Plastic Surgery Research Council
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Presenter: Yuan Liu, MD
Co-Authors: Jones R; Slotcavage R; Chang S; Carpenter J; Tulenko T
Cooper University Hospital

Introduction: The use of radiation therapy in cancer is limited by its side effects such as tissue necrosis, fibrosis, and non-healing wounds. These effects are suspected to be the result of radiation-dependent depletion or alteration of tissue-specific stem cells. We hypothesized that adipose-derived stem cells (ASCs) which have been exposed to radiation therapy in the course of cancer treatment will be fewer in number, proliferate less rapidly, and will exhibit a diminished differentiation capacity when compared to non-radiated cells.

Methods: During the course of revision surgery in subjects who had breast cancer and bilateral mastectomy with reconstruction, two samples of adipose tissue were harvested from the lateral thorax: one sample from the side ipsilateral to the tumor within the radiated field, and the other from the contralateral, non-radiated side. ASCs was isolated from specimens using standard collagenase digestion and centrifugation techniques, counted to determine SVF yield, and plated. Growth Curves were done. Cells were also plated in endothelial differentiation medium and allowed to fully differentiate to an endothelial-like phenotype over a two week period. At the end of the two week period, the differentiation capacity of these cells was assessed by examining differential gene expression using Real Time PCR.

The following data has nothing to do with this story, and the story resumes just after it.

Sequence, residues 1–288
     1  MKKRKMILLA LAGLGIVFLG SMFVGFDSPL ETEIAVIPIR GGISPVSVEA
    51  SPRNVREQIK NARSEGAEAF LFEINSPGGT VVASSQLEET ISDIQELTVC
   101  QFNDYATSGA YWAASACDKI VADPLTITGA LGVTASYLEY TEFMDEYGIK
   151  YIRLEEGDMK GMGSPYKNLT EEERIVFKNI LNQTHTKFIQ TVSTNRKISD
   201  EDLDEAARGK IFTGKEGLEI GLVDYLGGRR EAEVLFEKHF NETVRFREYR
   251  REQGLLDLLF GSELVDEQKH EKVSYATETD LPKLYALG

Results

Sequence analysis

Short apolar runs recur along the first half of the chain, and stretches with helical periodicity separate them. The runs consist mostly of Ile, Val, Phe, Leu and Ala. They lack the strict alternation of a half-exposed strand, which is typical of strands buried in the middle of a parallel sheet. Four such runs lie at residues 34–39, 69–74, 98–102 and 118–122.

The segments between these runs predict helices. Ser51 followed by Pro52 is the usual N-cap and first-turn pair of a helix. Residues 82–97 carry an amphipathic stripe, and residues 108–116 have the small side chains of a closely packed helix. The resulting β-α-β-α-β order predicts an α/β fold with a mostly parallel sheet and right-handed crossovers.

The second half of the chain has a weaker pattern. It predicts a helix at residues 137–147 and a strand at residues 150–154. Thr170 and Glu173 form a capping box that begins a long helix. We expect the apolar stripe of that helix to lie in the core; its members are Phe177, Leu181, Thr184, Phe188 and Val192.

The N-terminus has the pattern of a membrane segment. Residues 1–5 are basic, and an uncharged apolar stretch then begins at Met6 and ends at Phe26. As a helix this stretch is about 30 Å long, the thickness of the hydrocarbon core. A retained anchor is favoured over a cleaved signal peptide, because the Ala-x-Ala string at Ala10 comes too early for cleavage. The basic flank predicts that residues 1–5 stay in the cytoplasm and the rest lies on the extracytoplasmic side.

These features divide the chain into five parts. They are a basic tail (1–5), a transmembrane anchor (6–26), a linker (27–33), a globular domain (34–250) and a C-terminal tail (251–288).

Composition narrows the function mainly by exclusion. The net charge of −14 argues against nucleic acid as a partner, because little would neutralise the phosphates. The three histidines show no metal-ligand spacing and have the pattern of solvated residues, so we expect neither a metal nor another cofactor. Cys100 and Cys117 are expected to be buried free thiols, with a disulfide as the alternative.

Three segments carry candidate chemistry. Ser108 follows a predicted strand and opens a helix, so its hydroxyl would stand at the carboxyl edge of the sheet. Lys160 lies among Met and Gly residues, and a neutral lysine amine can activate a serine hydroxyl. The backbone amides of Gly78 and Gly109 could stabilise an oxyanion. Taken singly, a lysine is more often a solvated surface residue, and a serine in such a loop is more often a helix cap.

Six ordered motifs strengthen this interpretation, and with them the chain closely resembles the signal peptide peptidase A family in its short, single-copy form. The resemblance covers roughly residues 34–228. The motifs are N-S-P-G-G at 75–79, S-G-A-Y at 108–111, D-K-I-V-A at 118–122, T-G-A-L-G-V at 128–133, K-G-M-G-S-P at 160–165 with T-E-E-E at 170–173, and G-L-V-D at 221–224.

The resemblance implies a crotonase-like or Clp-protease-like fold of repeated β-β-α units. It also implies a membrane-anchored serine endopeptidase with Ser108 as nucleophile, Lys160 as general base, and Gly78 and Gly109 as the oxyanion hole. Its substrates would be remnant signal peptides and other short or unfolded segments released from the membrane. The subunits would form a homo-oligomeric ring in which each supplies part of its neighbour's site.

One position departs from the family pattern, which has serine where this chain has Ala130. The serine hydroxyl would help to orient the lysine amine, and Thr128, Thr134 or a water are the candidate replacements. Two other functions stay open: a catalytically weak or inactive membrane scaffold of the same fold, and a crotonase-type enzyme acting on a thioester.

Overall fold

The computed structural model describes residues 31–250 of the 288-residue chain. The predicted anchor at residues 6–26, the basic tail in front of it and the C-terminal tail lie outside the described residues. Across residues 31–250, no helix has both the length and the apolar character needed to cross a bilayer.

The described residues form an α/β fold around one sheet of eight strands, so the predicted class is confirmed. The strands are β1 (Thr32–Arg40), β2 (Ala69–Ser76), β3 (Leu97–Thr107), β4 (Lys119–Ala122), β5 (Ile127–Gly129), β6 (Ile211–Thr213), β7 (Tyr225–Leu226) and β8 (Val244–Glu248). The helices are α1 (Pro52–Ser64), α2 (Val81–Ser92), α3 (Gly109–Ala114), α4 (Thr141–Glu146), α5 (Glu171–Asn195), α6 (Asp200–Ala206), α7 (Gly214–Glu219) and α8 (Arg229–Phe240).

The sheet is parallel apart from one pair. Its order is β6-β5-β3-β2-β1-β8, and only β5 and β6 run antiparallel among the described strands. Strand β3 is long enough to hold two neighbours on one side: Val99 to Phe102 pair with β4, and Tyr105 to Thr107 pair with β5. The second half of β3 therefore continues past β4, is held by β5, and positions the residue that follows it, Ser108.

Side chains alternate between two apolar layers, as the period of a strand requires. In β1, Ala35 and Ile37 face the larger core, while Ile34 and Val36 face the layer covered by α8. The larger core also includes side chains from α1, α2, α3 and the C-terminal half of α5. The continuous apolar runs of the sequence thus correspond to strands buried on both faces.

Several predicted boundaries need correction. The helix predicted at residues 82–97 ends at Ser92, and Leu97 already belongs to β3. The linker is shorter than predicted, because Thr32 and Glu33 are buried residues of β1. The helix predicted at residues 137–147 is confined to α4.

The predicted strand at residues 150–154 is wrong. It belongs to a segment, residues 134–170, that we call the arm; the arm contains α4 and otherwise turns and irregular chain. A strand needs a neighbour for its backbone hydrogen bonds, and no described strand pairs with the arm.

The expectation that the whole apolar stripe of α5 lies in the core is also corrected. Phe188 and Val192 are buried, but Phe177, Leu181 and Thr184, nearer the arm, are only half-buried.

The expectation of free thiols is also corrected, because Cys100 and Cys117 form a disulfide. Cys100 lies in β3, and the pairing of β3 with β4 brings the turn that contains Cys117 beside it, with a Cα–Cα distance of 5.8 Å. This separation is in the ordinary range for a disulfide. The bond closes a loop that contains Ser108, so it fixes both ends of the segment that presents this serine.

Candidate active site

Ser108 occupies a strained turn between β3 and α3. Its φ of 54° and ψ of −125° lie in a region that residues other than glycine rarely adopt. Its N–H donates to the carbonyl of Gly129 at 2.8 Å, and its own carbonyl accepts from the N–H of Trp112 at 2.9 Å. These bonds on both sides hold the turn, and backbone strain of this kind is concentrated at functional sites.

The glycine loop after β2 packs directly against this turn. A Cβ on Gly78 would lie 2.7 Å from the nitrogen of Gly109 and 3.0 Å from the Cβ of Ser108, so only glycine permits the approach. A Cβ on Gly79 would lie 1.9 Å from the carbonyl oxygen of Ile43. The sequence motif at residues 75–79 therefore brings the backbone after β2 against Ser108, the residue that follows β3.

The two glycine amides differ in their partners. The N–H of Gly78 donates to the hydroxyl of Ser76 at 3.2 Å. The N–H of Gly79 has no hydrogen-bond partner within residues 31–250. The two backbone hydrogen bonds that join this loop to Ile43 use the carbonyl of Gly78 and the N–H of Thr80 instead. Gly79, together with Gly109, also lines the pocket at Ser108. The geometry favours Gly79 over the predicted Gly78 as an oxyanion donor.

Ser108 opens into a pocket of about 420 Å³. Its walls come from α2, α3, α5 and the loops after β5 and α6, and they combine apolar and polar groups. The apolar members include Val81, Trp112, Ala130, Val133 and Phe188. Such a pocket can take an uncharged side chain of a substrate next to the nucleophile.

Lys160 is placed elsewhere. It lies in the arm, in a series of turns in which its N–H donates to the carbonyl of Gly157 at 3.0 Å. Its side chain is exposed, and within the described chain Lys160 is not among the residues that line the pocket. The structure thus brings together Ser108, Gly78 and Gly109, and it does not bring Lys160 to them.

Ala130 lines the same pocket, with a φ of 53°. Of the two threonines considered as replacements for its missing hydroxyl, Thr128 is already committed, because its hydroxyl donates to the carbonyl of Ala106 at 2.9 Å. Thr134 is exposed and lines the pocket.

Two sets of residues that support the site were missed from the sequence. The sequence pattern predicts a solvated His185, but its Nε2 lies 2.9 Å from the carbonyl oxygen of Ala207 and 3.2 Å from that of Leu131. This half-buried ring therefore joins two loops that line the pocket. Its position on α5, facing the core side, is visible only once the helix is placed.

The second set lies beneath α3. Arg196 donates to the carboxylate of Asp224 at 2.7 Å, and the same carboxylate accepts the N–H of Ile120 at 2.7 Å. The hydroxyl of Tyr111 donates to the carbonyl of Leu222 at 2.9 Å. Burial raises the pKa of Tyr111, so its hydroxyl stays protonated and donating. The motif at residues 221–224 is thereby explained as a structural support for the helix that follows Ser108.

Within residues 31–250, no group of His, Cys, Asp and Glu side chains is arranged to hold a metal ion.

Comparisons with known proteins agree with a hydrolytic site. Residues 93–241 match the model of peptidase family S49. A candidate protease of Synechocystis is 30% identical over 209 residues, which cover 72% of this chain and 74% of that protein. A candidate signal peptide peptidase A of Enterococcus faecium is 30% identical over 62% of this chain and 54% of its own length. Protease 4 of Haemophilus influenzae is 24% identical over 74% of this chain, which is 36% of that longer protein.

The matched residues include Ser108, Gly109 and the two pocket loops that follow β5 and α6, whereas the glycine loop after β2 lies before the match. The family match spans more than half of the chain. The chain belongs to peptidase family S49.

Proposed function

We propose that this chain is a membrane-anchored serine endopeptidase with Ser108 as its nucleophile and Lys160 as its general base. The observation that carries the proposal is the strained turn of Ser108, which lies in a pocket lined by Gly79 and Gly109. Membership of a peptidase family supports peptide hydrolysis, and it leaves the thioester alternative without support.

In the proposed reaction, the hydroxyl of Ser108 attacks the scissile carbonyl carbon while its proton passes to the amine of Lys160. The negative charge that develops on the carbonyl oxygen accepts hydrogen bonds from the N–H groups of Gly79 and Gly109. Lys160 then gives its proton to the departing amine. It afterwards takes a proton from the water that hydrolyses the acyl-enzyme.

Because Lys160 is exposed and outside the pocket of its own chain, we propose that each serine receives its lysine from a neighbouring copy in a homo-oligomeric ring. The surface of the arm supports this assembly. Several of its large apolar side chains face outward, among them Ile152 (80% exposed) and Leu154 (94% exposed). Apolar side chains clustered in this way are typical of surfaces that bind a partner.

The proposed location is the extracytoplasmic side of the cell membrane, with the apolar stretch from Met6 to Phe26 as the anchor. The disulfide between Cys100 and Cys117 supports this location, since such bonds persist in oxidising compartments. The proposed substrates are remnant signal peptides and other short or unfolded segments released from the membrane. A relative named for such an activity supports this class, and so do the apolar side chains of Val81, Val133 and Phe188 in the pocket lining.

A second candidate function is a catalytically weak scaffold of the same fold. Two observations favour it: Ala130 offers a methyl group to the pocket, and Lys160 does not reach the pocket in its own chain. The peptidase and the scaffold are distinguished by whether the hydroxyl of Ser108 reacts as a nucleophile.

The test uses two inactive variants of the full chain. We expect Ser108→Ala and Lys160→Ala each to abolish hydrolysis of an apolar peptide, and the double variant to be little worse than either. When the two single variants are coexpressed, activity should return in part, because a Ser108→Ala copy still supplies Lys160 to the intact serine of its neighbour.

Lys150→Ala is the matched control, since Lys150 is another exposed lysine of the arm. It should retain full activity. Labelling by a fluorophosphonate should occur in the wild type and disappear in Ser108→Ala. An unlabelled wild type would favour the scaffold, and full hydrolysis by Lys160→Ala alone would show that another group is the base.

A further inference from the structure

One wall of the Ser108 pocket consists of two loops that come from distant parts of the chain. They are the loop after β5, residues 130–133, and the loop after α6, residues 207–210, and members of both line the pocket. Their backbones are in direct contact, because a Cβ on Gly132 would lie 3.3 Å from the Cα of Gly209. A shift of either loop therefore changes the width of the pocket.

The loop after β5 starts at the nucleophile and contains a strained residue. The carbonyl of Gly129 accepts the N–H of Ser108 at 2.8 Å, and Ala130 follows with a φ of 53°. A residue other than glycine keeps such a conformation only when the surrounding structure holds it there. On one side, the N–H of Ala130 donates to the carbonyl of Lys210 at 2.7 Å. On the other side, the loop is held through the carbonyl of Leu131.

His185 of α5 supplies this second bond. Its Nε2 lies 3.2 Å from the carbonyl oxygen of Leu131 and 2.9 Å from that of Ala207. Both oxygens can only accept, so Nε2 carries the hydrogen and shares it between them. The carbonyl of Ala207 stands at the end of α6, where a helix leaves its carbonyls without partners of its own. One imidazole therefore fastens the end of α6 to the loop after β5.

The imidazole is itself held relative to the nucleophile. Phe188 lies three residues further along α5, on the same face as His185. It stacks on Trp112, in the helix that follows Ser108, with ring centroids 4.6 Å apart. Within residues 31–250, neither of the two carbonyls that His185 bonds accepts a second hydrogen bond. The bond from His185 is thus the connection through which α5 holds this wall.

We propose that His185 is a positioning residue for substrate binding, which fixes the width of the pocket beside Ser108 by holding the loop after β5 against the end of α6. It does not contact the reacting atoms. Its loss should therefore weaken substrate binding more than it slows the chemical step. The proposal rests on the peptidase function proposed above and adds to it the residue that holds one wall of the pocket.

Results: No difference was seen in SVF or ASC yield between R+ and R- cells. No difference was seen in proliferation rate based on growth curves. A difference was seen, however, in endothelial differentiation capacity based on expression levels of CD31, von Willibrand Factor vWF) and endothelial nitric oxide synthase. The R+ cells showed an 3-fold reduction in CD31 expression, a near 20-fold reduction in von Willibrand factor and a greater than 20-fold reduction in endothelial nitric oxide synthase (eNOS).

Conclusion: These preliminary results suggest that while radiated ASCs are no less in number, their ability to differentiate into an endothelial phenotype and form microvascular networks in vitro and in vivo may be impaired, perhaps clarifying a mechanism of chronic radiation damage.

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